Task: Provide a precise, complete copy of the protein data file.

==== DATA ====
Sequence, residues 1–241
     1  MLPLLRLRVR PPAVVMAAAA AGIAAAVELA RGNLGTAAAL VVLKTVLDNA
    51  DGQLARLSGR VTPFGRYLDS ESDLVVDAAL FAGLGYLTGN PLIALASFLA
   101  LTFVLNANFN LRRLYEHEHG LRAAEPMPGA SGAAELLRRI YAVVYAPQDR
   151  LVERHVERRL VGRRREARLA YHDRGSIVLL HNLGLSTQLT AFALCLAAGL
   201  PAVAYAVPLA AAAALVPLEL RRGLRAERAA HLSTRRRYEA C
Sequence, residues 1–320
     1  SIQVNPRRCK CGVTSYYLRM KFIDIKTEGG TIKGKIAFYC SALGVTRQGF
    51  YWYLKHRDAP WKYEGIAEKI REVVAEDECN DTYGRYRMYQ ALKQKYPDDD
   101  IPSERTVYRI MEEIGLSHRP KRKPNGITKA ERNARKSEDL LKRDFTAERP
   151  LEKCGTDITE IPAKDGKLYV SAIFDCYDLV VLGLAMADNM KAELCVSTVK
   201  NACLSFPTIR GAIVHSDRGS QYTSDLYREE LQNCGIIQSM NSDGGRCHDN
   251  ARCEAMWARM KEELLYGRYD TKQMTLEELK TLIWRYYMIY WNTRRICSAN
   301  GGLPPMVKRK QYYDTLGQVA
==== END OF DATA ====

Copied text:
Sequence, residues 1–241
     1  MLPLLRLRVR PPAVVMAAAA AGIAAAVELA RGNLGTAAAL VVLKTVLDNA
    51  DGQLARLSGR VTPFGRYLDS ESDLVVDAAL FAGLGYLTGN PLIALASFLA
   101  LTFVLNANFN LRRLYEHEHG LRAAEPMPGA SGAAELLRRI YAVVYAPQDR
   151  LVERHVERRL VGRRREARLA YHDRGSIVLL HNLGLSTQLT AFALCLAAGL
   201  PAVAYAVPLA AAAALVPLEL RRGLRAERAA HLSTRRRYEA C
Sequence, residues 1–320
     1  SIQVNPRRCK CGVTSYYLRM KFIDIKTEGG TIKGKIAFYC SALGVTRQGF
    51  YWYLKHRDAP WKYEGIAEKI REVVAEDECN DTYGRYRMYQ ALKQKYPDDD
   101  IPSERTVYRI MEEIGLSHRP KRKPNGITKA ERNARKSEDL LKRDFTAERP
   151  LEKCGTDITE IPAKDGKLYV SAIFDCYDLV VLGLAMADNM KAELCVSTVK
   201  NACLSFPTIR GAIVHSDRGS QYTSDLYREE LQNCGIIQSM NSDGGRCHDN
   251  ARCEAMWARM KEELLYGRYD TKQMTLEELK TLIWRYYMIY WNTRRICSAN
   301  GGLPPMVKRK QYYDTLGQVA